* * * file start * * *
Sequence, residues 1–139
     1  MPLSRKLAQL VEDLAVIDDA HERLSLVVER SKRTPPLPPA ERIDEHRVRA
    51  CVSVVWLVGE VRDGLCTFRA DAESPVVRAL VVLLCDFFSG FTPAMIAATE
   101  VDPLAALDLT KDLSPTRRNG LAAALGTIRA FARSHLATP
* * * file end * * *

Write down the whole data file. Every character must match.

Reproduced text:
Sequence, residues 1–139
     1  MPLSRKLAQL VEDLAVIDDA HERLSLVVER SKRTPPLPPA ERIDEHRVRA
    51  CVSVVWLVGE VRDGLCTFRA DAESPVVRAL VVLLCDFFSG FTPAMIAATE
   101  VDPLAALDLT KDLSPTRRNG LAAALGTIRA FARSHLATP